Michael McDonagh catches up with his friend of 48 years Paul Brady
In 1969 a musically talented young man from Strabane came to live in London to seek his fortune in a folk group. He was Paul Brady.
At the same time, me, a far less talented young man from Manchester was also starting his own career in the music world.
Our first encounter was an awkward moment. As we spoke to discuss his new album Unfinished Business I hoped he had now forgiven me for upsetting him. I was working for Transatlantic Records, directing a photo session for a new album from the Johnstons and I bluntly suggested that it would be more ‘cool’ and trendy if Paul ditched his geeky schoolboy ‘National Health’ style spectacles.
Not a good start, he was not impressed.
Paul laughed. “Oh no problem I never thought of myself as a ‘pin-up’ and so I never thought if I looked groovy or not made any difference to whether they liked me but for sure I was not used to being told what to do”.
The Johnstons were very popular at that time both here and then in America, where they went to live in 1972. I encountered Paul next in 1974 when we had both moved on and I was asked to promote the first UK National Concert Tour with Planxty, the seminal super group of folk talent that included Liam O’Flynn, Andy Irvine, Johnny Moynihan and now Paul Brady.
To this day our sold out Concert at the New London Theatre, Drury Lane in 1975 was the most perfect and superb concert I have ever been involved with, pure musical magic from these virtuoso musicians, setting a gold standard for others to emulate.
“Well that is nice of you to say that. I remember and it was a huge thrill for me to have been dragged from relative obscurity in America to be playing in front of sold out audiences in London.”
I asked Paul about his memories of Planxty. “That was a whole strange affair for me as I was brand new to the band and I had just come back from a couple of years in America and I was out of touch with what had been happening in the folk scene here. I did not know what to expect with Planxty but certainly it all happened very quickly. It was great for me taking over from Christy Moore and playing great music in England in those classic concert halls”.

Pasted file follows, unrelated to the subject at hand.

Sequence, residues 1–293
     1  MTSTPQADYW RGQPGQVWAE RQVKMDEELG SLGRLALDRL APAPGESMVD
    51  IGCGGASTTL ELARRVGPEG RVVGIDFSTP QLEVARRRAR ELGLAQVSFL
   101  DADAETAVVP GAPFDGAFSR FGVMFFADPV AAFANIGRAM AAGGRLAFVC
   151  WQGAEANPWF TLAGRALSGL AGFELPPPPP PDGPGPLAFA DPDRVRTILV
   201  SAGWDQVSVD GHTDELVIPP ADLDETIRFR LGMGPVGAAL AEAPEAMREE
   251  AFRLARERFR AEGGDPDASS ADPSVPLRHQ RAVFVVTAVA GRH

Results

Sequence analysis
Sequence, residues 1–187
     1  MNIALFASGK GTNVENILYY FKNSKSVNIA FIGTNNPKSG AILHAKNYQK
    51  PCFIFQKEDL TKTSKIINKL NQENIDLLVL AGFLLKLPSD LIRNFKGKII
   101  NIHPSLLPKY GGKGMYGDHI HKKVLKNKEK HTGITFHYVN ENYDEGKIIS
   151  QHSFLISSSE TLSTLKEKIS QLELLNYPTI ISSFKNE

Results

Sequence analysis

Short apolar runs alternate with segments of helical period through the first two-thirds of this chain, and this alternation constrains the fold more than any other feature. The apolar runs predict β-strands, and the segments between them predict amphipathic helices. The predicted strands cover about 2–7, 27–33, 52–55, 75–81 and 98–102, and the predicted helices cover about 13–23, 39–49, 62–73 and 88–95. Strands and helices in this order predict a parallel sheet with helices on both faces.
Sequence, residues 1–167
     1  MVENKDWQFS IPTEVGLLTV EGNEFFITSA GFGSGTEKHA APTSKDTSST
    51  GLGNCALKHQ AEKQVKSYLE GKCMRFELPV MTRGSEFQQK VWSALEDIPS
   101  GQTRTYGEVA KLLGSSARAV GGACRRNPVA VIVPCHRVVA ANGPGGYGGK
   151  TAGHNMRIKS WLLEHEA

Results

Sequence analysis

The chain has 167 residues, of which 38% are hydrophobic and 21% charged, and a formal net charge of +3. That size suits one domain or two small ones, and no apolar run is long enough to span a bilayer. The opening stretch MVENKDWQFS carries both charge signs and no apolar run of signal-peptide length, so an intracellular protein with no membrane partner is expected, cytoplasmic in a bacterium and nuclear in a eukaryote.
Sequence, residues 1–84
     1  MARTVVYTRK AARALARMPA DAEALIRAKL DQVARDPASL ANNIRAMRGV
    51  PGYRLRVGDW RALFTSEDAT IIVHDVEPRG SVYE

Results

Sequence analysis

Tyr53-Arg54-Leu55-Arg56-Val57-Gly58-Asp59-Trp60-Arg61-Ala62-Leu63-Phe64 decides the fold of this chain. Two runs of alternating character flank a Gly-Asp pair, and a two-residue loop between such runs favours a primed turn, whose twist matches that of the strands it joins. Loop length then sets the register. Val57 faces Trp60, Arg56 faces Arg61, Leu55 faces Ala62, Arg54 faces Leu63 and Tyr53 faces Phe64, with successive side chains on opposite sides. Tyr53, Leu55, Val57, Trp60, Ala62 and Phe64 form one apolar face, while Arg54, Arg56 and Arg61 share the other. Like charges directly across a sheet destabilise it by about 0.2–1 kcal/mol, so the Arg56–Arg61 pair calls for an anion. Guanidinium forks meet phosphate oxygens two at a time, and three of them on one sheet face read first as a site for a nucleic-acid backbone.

Although the tour was a success, getting huge critical acclaim and establishing Planxty on the concert circuit, I was so disappointed when the band split up later that year.
“The fact of the matter was that for years prior to that the band’s finances in Ireland were in disarray and the tax man came home to roost and I ended up paying back debt that was not mine and so basically it was bad business not music that did for a really unique band”.
I mentioned to Paul that I still have the accounts for that Planxty tour if he wanted them!
“Ah I don’t think I need that thank you very much,” he laughed.
I said it was a pity that Paul never recorded an album with Planxty for posterity to reflect his immense contribution to that special group and and he sighed: “No I didn’t but I think that the album I did after that with Andy Irvine would have been the Planxty album we should have done had they stayed together. Frankly I am very happy that Andy and I made that record with Donal Lunny and Kevin Burke. Andy and I have just completed a 40th anniversary tour which was really successful”.
Paul formed a duet with Andy then went solo in 1978. At that time in his career Paul was respected and recognised as one of the finest interpreters of traditional material.
“After I went solo I made my own album Welcome Here Kind Stranger, which was voted Melody Maker Folk Album of the Year”.
Of course like so many of his generation the first musical influences on Paul were the American rock and roll artistes and whilst at university in Dublin his first musical steps had been with a number of rock bands so it was no surprise that by 1981 he had moved on to a more rock and pop genre with his first completely self written album Hard Station.
This album was a defining moment in Paul’s impressive career and a major turning point as Paul moved away from the folk idiom.